Kenya’s Korir adds world 800m gold to Olympic title in Oregon

Kenya’s Korir adds world 800m gold to Olympic title in Oregon

After missing out on gold at the past two World Championships, Kenya is back on top in the men’s 800m.

Olympic champion Emmanuel Korir charged into the lead on the final straight and powered to his first world title at the World Athletics Championships Oregon22 on Saturday (23) at Eugene’s Hayward Field.

Korir surged past Canada’s Marco Arop with about 50 metres to go and, with his head bobbing, crossed the line in a season’s best of 1:43.71. Algeria’s Djamel Sedjati closed fast to finish second in 1:44.14, with Arop holding on for third in 1:44.28.

“It was tough,” Korir said. “I was expecting a faster race, but I won and I am very happy for this result. I knew there were some guys close behind me in the last 100m. I was expecting someone to come, but no one did.”

“It’s like magic,” he added. “I have been working for this. It’s been a long wait. I failed in 2017 and 2019 and I made it now.”

The 27-year-old Korir re-established Kenyan dominance in the two-lap event, becoming the first athlete from the East African nation to win the title since world record-holder David Rudisha captured his second world crown in 2015.

Kenyans have won gold in the 800m at the past four Olympic Games, but the past four world titles had been claimed by athletes from four different nations. Korir’s victory means the world title has now been won seven times by Kenyan athletes.

Saturday’s race had been considered wide open, but Korir showed the experience, tactical prowess and well-timed kick to come out on top on the penultimate day of the championships.

Korir, who entered the championships on a wildcard as the 2021 Diamond League winner, had not been able to control races this year as he did at the Tokyo Olympics and had not run under 1:45 all season. But he rose to the occasion at Hayward Field, the track where he won the NCAA title in 2017.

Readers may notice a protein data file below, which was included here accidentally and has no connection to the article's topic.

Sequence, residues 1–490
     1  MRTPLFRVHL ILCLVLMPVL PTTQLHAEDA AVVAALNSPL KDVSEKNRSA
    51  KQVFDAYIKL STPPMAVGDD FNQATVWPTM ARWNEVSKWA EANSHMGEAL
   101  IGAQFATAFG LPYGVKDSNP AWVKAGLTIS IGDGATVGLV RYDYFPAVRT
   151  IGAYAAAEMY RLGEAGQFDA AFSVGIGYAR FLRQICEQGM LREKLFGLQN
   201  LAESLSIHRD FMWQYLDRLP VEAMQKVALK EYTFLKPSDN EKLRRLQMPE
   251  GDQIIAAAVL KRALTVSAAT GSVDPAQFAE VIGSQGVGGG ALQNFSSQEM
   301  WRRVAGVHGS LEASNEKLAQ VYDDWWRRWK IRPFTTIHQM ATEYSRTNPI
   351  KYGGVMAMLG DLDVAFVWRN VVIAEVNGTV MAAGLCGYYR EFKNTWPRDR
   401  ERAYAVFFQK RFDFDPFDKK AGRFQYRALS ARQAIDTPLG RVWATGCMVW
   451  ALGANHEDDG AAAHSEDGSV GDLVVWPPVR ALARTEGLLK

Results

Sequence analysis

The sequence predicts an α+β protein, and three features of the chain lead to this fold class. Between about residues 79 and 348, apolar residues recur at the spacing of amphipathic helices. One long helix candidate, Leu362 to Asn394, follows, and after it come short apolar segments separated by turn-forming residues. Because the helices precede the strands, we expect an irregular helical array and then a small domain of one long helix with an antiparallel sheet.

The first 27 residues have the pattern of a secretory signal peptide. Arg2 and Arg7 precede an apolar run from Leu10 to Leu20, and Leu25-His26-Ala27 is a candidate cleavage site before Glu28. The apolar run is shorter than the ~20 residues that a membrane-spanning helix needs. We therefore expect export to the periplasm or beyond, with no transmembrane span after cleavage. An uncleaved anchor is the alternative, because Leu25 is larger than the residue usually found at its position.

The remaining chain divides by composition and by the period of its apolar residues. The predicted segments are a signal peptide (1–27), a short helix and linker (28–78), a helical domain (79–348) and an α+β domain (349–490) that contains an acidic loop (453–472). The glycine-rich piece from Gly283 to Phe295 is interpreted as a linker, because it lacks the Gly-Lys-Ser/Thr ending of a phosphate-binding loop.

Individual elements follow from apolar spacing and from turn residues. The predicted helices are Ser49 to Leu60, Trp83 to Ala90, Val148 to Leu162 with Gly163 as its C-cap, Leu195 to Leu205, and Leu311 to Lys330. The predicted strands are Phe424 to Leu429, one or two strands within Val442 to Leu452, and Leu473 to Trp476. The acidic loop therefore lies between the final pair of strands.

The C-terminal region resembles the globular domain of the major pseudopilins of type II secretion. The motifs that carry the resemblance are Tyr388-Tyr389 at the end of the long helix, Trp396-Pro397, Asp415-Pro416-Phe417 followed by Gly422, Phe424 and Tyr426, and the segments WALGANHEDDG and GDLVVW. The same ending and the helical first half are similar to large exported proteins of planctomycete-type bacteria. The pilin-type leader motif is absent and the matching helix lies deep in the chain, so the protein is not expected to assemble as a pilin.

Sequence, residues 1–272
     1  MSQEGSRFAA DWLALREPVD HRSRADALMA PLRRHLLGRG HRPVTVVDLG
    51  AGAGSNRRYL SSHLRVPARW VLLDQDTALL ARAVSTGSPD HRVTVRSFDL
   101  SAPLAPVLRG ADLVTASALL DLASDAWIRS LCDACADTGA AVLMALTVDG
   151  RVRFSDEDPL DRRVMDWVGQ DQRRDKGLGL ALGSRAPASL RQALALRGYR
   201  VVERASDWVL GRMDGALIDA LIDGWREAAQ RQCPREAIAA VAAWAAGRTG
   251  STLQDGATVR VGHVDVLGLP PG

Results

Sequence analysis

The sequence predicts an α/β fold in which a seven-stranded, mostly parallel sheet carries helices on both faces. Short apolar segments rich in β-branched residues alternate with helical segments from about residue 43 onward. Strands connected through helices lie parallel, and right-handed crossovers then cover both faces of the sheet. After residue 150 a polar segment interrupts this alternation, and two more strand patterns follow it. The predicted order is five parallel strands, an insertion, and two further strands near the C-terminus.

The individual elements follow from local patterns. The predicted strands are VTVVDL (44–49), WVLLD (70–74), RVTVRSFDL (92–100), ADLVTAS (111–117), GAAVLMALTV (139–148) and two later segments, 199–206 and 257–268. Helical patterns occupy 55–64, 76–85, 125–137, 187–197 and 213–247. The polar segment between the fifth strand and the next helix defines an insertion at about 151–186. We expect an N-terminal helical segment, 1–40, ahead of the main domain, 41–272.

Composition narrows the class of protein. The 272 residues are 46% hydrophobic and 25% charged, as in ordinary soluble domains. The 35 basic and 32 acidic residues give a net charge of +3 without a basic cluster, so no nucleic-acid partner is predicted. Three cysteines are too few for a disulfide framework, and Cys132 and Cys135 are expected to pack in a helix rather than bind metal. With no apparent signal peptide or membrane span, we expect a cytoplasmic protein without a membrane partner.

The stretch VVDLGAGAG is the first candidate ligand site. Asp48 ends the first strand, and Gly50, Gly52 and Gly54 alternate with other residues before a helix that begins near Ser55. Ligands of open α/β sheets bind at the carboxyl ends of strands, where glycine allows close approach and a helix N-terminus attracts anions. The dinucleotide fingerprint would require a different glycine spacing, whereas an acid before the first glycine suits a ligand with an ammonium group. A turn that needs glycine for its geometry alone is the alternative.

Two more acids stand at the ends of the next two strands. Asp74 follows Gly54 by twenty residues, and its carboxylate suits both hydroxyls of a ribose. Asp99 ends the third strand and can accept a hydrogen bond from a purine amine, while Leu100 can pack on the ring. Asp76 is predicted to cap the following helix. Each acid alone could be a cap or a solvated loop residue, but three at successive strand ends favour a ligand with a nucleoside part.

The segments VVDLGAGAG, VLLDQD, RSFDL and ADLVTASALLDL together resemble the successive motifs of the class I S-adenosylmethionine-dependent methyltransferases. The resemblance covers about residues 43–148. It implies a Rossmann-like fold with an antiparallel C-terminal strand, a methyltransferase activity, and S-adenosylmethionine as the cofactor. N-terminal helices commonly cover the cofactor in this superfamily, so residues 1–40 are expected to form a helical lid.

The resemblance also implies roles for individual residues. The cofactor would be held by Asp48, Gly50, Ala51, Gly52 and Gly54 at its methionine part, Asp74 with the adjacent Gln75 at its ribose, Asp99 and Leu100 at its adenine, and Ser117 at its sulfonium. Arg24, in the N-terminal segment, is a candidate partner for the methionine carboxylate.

Once again, no two athletes from the same country made the podium, continuing a streak that started with the inaugural edition in 1983. The men’s 800m is the only event at the World Championships where that has occurred.

Sedjati, who ran 1:43.69 in April and won the Mediterranean Games title on home soil earlier this month, became the first Algerian to take a world medal in this event since Djabir Said-Guerni in 2003.

Arop became the second Canadian to win a medal in the event and the first since Gary Reed earned silver in 2007.

“This feels like redemption, to able to right some of the wrongs from last year,” Arop said. “Last year was a big learning lesson and I am glad I was able to come back from that. In the last 100m, I just wanted to leave it all out there and feel I had nothing else in the tank. I think I gave it my all. Unfortunately, it was not enough to win gold, but good enough to win come back with a medal.”

Emmanuel Wanyonyi, the world U20 champion who turns 18 on 1 August, finished fourth in 1:44.54. He fell just short of becoming the youngest men’s world 800m medallist.

“My race was good, very tough and I did my best,” he said. “There’s time for everything. My time is not now but it will come.”

Missing from Saturday’s race was 2019 champion Donavan Brazier of the US, who failed to make the final as he continued to battle a foot injury. The world leader, Max Burgin of Great Britain, withdrew before the heats with an injury.

Steve Wilson for World Athletics

https://www.worldathletics.org/competitions/world-athletics-championships/oregon22/news/report/wch-oregon22-report-men-800m

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